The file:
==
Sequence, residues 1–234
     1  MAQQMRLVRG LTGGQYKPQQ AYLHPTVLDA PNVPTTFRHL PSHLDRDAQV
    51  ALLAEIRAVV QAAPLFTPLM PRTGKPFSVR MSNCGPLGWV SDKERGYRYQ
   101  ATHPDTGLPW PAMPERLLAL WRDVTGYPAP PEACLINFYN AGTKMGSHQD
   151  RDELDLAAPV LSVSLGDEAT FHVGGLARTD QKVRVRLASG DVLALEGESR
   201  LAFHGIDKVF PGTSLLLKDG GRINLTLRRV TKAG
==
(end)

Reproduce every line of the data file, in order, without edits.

Sequence, residues 1–234
     1  MAQQMRLVRG LTGGQYKPQQ AYLHPTVLDA PNVPTTFRHL PSHLDRDAQV
    51  ALLAEIRAVV QAAPLFTPLM PRTGKPFSVR MSNCGPLGWV SDKERGYRYQ
   101  ATHPDTGLPW PAMPERLLAL WRDVTGYPAP PEACLINFYN AGTKMGSHQD
   151  RDELDLAAPV LSVSLGDEAT FHVGGLARTD QKVRVRLASG DVLALEGESR
   201  LAFHGIDKVF PGTSLLLKDG GRINLTLRRV TKAG